As Adam Kesher tries to advance his Sylvia North film, the mafia shows up to tell Kesher who will play the lead role, contrary to his wishes. But remember: The mafia are actually controlled by the oddball elite Mr. Roque atop Ryan Entertainment (also from Club Silencio), who ultimately decided Camilla/Rita would play the part. Next, we see the hit man who asks a blonde prostitute if there are any new girls on the street. The prostitute is who Betty has really become, having hired the hit man to kill Rita/Camilla in the Winkie’s. Rita explains to Betty/Diane that she was on the way to Mulholland Drive when the “accident” happened, but both girls appear to be amnesic. The money Rita/Camilla has is the money Diane/Betty used to hire the hit, which both girls hide away in a box. In other words, Diane/Betty has hidden away in her subconscious the plan to murder Rita/Camilla. It’s not until the end of the film at Club Silencio that the two girls unite the key and the box to open it and discover that Rita is actually a projection of Diane/Betty’s mind. This is why Rita begins to take on Betty’s appearance, with blonde hair. Diane is revealed to be the waitress at the Winkie’s who ends up a failed actress and is the prostitute.
Kesher, however, does not want to cast Rita/Camilla, so he is forced to meet with the Cowboy, the otherworldly devil figure who tells Kesher he must cast whoever the occult elite decide. It is significant that the Cowboy appears and the lights go dim, and then disappears, proving he is not of this world. As Betty/Diane auditions for the part, it is not accidental that the part of Sylvia centers around a young girl who is sexually accosted by an older man – another hint that Betty/Diane is really a young whore. Camilla gets the part and Betty begins to go insane, not yet realizing that her mind has split. When Betty and Diane have their homoerotic scene, Betty goes into a trance and starts to repeat what appear to be trigger phrases. The reason for the homoerotic scene is that Betty/Diane is in love with herself, not Rita – this is all a projection of her psyche.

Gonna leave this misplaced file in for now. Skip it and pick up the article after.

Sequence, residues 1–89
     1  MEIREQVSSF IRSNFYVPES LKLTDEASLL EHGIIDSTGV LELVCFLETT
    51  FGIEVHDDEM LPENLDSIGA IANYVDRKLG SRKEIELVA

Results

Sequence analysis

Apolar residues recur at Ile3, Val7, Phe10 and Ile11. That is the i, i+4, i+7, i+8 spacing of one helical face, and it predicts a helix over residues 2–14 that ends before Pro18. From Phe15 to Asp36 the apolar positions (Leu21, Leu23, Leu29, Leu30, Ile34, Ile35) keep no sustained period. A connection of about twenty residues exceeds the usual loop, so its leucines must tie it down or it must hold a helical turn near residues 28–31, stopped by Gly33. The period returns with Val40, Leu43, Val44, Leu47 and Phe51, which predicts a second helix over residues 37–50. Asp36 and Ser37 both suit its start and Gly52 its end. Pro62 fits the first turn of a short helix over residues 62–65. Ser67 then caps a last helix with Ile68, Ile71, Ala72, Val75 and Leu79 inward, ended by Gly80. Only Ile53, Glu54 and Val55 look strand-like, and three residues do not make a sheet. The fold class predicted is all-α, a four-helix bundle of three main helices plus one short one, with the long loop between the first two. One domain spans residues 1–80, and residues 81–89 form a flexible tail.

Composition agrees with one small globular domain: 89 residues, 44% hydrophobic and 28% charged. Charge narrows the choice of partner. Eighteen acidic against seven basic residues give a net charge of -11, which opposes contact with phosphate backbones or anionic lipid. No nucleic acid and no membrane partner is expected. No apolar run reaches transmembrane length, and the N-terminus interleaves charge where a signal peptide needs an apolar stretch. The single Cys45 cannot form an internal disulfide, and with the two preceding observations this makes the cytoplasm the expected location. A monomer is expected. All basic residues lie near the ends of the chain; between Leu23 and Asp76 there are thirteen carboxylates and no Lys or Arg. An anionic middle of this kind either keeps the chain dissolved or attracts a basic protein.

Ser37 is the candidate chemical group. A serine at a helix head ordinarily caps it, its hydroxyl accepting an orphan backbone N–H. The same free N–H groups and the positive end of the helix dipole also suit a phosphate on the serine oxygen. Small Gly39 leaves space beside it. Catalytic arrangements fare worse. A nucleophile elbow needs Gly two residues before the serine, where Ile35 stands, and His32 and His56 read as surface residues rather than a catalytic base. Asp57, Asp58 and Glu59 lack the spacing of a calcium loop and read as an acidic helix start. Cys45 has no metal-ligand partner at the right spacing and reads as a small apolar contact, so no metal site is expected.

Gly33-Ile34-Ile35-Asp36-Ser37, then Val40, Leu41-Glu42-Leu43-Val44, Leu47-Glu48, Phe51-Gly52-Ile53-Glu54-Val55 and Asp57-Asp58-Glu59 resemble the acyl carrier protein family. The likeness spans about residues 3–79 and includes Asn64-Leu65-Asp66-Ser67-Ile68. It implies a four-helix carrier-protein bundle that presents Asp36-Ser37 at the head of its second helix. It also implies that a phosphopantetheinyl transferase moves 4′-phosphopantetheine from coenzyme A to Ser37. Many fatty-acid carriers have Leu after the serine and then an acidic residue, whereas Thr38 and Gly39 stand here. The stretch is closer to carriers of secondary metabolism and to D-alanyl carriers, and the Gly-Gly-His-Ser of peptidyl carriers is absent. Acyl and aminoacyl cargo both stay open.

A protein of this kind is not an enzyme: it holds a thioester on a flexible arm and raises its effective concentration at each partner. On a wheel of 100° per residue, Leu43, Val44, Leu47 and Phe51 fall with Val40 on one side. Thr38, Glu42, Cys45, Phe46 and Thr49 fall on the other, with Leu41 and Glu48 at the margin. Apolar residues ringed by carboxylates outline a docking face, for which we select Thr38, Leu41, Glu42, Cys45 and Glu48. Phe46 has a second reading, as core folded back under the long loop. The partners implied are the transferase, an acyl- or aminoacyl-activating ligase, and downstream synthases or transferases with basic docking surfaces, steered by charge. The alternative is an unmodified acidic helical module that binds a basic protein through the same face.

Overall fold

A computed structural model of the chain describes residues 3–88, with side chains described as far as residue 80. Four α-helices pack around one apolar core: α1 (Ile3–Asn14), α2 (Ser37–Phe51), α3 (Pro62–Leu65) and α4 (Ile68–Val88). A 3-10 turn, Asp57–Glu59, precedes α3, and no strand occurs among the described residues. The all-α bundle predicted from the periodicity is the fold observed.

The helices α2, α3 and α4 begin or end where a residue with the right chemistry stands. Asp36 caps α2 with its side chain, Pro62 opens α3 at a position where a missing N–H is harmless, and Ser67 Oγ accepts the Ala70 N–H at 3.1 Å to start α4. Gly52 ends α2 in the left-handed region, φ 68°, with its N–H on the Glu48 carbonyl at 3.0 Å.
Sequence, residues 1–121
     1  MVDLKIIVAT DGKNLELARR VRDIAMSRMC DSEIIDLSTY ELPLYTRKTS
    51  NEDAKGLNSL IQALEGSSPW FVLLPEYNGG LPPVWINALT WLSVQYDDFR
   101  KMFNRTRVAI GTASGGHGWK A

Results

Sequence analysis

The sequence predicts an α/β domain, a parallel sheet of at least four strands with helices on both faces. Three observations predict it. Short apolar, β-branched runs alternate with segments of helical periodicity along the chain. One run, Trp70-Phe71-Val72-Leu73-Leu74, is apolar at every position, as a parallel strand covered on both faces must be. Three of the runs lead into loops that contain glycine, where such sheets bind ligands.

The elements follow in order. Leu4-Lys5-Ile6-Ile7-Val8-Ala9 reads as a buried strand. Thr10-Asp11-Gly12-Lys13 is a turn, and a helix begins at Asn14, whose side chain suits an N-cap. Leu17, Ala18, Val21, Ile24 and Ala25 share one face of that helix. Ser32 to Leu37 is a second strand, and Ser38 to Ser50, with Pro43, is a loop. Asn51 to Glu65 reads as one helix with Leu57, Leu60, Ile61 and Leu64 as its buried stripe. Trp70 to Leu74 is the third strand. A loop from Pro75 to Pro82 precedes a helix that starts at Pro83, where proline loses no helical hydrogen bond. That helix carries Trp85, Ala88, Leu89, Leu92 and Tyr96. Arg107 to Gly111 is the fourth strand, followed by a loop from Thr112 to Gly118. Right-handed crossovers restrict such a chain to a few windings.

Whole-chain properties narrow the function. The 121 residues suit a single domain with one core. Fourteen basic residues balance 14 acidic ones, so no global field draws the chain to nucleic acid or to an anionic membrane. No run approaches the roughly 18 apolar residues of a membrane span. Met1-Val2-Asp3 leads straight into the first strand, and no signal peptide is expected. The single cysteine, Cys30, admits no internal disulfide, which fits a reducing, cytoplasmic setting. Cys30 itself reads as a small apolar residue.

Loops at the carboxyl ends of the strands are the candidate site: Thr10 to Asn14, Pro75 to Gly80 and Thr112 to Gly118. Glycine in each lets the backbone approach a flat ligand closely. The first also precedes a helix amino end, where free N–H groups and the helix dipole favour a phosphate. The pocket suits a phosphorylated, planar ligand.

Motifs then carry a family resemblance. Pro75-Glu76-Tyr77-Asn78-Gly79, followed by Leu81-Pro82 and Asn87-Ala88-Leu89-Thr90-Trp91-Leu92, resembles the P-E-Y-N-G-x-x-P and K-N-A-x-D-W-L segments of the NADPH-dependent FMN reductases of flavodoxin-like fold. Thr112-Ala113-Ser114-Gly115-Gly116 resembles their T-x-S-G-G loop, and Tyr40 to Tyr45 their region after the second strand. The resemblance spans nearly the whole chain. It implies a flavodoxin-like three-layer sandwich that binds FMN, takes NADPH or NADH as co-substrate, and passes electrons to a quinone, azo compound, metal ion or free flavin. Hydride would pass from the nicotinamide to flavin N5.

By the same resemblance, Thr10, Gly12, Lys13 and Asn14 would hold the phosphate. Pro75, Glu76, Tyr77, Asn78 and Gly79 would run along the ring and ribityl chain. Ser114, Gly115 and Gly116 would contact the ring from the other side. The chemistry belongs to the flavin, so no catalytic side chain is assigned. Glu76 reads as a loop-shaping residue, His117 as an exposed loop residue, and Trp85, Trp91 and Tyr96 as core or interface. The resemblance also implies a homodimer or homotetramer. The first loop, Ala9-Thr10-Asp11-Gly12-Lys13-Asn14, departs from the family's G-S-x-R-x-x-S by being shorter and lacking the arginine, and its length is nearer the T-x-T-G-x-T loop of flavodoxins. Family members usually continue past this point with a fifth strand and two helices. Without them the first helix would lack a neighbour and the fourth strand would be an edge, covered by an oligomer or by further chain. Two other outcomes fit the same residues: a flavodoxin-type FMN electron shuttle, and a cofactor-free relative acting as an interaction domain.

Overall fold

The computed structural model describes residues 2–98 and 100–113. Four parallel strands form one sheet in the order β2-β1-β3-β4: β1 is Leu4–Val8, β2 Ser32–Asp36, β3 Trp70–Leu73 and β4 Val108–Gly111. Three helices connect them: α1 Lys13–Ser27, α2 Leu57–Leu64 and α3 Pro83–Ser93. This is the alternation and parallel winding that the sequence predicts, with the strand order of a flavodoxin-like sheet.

Rita is merely an alternate personality of Betty/Diane. Rita chants, “silencio,” “silencio,” “no hay banda,” and tells Betty/Diane she must accompany her to Club Silencio. Upon entering Club Silencio, the magician/emcee tells the crowd there is no band, only a tape recording. He asks what is real, since the Silencio performance is a tape – an illusion. As the magician creates a thunder effect with the elite members of Club Silencio looking on, Betty/Diane goes into convulsions. This hints at the likelihood that Betty has been under mind control and Rita is her alter – as the Anton LaVey-looking magician disappears. Is this a reference to the Crowleyan subculture that under girds much of Hollywood? Is Lynch using twilight language here to signify that there is a Crowleyan secret behind the meaning of Mulholland? Is this the meaning of Club Silencio? Club Silence’s entire performance seems to be about questioning the nature of Hollywood reality – that the reality spun by the theater is pure illusion. Following this scene, Rita inserts the key into the box, and the viewer enters it, and Betty/Diane is now back to reality – as a whore.